Jamaica’s war on sugar will not only target the sale of sugary drinks in all early-childhood, primary-level and secondary-level institutions in the country, but by vendors outside schools and companies involved in providing beverages for those schools.
This was disclosed on Tuesday by Minister of Health Dr. Christopher Tufton when he told Parliament that Cabinet had approved the interim guidelines for beverages in schools, which will not only help to improve the dietary intake of children but also set the stage to reduce the burden of non-communicable diseases (NCDs) which account for 78 per cent of Jamaicans who die each year.
According to the Jamaica Health and Lifestyle Survey, one in three (684,900) Jamaicans 15 years and older has hypertension; one in eight (236,200) has diabetes and one in two (577,300) is overweight.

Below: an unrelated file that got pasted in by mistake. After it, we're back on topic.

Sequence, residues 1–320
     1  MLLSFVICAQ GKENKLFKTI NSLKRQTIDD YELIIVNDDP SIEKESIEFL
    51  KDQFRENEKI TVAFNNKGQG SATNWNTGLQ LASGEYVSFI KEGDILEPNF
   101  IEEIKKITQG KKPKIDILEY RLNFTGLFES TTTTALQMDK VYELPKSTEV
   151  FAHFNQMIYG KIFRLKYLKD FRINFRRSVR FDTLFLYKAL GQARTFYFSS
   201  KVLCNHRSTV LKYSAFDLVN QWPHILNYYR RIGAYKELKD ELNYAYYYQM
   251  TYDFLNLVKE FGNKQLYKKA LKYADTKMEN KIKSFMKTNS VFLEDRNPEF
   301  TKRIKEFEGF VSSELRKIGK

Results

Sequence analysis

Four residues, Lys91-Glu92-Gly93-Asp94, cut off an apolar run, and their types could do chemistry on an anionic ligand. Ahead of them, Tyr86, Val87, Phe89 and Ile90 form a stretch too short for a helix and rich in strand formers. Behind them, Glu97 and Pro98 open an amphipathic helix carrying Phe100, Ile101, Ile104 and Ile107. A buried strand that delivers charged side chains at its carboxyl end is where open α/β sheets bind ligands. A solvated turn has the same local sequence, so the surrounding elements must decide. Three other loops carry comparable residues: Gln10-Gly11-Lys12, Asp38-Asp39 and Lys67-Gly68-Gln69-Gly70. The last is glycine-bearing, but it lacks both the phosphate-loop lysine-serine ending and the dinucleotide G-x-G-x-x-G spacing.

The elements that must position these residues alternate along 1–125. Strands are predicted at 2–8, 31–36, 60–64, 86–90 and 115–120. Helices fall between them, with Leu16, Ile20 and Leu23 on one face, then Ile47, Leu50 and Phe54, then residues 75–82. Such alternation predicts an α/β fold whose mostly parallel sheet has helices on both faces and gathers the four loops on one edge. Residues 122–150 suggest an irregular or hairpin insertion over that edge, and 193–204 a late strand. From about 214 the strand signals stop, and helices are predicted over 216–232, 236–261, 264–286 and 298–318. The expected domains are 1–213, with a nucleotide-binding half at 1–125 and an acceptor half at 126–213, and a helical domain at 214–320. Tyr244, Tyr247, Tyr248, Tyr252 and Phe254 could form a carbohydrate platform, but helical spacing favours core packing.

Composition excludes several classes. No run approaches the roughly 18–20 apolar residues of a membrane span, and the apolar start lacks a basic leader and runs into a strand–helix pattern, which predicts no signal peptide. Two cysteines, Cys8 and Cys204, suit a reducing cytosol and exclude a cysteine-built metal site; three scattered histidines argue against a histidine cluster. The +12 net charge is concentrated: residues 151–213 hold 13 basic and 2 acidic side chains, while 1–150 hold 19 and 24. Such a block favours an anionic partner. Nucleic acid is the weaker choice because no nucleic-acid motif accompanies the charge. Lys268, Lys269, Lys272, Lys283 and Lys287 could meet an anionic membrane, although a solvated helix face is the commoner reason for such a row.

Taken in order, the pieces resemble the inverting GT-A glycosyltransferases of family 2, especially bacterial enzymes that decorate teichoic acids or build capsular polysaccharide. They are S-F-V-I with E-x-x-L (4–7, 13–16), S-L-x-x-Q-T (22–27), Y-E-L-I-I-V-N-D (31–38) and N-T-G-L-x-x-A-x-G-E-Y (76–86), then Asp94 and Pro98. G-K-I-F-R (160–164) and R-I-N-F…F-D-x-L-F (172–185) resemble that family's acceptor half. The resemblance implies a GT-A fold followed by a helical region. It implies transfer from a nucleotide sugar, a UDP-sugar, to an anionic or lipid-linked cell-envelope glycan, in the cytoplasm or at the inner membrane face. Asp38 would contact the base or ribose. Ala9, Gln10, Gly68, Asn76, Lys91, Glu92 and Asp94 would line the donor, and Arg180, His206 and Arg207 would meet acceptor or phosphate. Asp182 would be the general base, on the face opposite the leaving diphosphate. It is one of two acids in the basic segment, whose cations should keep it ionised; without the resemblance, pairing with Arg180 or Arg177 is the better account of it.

Minister Tufton noted that the evidence shows that the link between sugar-sweetened beverage consumption and childhood obesity and NCDs in later years is consistent and compelling, requiring an urgent response.
The guidelines place a limit on sweetened beverages above a defined maximum sugar concentration sold and served, in all public educational institutions that serve age groups from infancy to 18 years.
They also place a limit on sweetened beverages above a defined maximum sugar concentration sold and served by all persons, companies or groups involved in the provision of beverages to these institutions, including but not limited to canteen operations, concessionaires, vendors, teachers, school administrators and students.